The drunk driving trial of Flint Councilman, Eric Mays, resumed again in the Flint District Court on June 12, after a break that lasted almost two weeks. Mays, who is representing himself in the trial, has had a rocky go of it so far.
Mays has infuriated the judge on numerous occasions throughout the trial for his lack of knowledge on court procedure, and his many attempts to turn the trial into an opportunity to prove his theory of a political conspiracy against him. The prosecuting attorney also has struggled with Mays, who is unfamiliar with the legal process and as a result, has inadvertently stifled the proceedings.
May’s defense strategy has its basis in the assumption that all of the charges against him have been created as part of a conspiracy by his political enemies to force him to resign from office. He has, however, struggled to prove this, as the judge has refused him permission to call political figures as witnesses, who do not directly relate to the case or the events on the night in question.
The hearing on Thursday lasted only 90 minutes, and the jurors only entered the courtroom for a moment to be told that they were required to return for the closing arguments on June 26th, as the case was delayed due to scheduling conflicts.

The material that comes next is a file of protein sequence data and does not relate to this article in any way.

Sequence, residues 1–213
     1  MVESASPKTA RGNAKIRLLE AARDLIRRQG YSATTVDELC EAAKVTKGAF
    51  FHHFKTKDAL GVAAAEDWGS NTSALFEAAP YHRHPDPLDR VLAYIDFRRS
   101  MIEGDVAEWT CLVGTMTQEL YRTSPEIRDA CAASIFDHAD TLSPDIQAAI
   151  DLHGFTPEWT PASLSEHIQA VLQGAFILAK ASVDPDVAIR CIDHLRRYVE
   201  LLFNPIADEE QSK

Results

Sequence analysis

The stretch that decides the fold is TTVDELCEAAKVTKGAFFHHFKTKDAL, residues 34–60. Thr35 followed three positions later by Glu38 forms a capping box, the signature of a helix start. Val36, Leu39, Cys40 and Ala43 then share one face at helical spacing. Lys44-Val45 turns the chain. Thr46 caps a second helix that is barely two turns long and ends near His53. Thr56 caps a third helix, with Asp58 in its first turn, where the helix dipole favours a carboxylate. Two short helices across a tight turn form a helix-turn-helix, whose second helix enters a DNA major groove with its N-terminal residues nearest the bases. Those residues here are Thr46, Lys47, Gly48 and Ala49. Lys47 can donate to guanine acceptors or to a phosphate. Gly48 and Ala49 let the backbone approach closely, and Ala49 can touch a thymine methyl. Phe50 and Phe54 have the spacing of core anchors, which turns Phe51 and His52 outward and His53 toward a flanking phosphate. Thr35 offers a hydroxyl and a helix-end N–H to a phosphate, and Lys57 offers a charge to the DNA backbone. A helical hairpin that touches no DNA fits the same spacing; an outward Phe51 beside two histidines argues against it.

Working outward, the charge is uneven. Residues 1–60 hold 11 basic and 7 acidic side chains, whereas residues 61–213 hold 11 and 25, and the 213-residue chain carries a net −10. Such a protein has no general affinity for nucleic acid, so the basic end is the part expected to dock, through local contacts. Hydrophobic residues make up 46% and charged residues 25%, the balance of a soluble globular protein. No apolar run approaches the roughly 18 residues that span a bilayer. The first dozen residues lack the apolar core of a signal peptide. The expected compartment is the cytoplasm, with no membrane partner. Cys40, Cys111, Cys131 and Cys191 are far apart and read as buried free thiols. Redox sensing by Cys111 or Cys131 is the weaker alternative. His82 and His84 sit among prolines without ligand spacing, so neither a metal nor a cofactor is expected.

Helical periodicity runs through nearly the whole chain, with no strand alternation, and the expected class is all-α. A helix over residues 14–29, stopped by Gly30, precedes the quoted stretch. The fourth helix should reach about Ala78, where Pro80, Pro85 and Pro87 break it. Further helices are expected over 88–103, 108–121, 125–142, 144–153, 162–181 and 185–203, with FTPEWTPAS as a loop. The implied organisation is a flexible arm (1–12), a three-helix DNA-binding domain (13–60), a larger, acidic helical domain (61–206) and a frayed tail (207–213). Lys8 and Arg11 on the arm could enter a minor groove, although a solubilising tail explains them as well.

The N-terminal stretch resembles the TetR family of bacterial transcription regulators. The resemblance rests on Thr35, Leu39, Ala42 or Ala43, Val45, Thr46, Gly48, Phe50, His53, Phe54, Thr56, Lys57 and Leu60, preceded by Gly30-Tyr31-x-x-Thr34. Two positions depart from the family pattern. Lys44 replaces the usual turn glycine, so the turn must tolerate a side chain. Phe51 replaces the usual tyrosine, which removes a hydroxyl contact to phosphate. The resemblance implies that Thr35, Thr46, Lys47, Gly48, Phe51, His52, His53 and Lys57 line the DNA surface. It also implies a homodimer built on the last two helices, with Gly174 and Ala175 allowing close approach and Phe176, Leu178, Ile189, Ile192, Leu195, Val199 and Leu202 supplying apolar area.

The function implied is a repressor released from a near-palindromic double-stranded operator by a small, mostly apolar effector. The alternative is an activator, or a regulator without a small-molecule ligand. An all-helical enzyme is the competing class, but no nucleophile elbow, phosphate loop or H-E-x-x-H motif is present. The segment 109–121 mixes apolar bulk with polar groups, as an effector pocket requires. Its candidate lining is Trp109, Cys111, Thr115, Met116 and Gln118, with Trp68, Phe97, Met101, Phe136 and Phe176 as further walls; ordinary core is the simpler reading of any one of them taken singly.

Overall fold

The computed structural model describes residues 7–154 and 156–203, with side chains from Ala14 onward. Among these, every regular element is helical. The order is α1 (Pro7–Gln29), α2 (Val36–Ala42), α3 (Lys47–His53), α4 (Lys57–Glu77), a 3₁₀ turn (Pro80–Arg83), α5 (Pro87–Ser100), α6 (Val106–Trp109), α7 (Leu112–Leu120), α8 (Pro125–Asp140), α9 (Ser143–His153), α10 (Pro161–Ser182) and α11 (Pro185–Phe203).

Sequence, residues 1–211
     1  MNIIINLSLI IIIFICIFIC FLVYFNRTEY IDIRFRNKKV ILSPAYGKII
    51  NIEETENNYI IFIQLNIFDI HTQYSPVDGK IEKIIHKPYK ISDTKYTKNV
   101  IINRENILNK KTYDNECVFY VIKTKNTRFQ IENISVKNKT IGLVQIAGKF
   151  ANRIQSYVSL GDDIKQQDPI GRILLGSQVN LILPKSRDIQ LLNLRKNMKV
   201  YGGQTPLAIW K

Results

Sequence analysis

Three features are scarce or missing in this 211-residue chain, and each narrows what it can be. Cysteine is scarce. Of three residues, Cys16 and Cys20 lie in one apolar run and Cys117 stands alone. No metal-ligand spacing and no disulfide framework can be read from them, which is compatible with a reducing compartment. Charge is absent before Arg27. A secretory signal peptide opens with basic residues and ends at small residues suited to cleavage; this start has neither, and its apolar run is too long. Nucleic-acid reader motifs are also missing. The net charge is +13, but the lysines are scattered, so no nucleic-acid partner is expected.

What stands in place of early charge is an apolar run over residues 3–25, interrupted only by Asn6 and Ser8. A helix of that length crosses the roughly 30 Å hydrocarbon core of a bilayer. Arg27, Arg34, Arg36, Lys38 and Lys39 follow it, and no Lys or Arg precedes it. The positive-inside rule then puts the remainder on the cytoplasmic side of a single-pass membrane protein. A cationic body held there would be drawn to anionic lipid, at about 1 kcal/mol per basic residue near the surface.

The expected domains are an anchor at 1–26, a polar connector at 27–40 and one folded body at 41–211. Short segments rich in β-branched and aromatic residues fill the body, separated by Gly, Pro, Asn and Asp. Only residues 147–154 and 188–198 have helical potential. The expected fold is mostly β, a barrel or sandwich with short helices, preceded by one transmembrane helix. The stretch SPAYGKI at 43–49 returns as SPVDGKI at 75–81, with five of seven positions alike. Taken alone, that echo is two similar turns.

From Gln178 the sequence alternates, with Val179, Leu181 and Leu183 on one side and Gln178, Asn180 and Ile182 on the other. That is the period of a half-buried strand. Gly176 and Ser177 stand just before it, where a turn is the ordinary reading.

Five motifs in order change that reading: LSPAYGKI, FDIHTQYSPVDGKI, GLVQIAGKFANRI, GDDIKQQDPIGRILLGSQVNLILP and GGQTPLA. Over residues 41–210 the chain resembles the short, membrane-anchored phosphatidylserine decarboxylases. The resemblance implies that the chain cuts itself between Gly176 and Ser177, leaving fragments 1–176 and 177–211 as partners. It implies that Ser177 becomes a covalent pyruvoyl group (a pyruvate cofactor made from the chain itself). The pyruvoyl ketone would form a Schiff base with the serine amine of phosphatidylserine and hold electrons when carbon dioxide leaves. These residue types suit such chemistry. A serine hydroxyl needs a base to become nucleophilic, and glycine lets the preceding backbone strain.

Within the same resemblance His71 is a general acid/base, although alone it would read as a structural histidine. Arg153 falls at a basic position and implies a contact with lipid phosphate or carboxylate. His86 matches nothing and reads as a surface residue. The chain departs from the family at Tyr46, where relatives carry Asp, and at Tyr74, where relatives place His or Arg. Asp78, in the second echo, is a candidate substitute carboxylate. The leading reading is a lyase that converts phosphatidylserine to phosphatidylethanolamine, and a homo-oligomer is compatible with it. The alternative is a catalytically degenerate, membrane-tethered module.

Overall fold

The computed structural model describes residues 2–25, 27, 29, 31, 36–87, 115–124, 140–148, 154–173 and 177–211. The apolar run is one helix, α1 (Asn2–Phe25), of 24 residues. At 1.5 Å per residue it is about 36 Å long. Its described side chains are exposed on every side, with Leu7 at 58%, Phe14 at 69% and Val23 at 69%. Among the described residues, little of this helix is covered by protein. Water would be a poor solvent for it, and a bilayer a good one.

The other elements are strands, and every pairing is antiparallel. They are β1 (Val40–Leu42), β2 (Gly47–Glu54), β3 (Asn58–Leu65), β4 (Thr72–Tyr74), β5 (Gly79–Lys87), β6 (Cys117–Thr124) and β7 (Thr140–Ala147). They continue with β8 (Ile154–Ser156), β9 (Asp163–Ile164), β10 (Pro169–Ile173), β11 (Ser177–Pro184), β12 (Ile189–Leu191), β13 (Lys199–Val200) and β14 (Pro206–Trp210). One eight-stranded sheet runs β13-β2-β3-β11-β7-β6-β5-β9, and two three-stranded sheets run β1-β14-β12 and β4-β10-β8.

Most of the time in court was spent arguing motions about whether the testimonies of May’s intended witnesses were actually relevant to the case. The judge dismissed many of the witnesses Mays intended to call after ruling that information they would be sharing with the jury had nothing at all to do with the case.
In addition, when Mays recalled two of the Flint police officers in order to cross-examine them a second time, the judge ruled that they would not be allowed in front of the jury on the grounds that they wouldn’t be providing any new information. “This case has always been about whether the police have been honest and truthful,” said Mays.
Mays has rested his case, after deciding not to take the stand and testify on his own behalf. He said that he made that choice as a result of his mistrust of presiding judge Nathaniel Perry III and the prosecutor, Michael Gildner.
On his facebook page, Mays wrote: “Representing yourself in a court of law is a challenge. I pray for the jury to be just and fair as to the beyond a reasonable doubt standard that they must go by. There have been some very very questionable testimony by three police in my case. You never know…… Faith…..Amen.”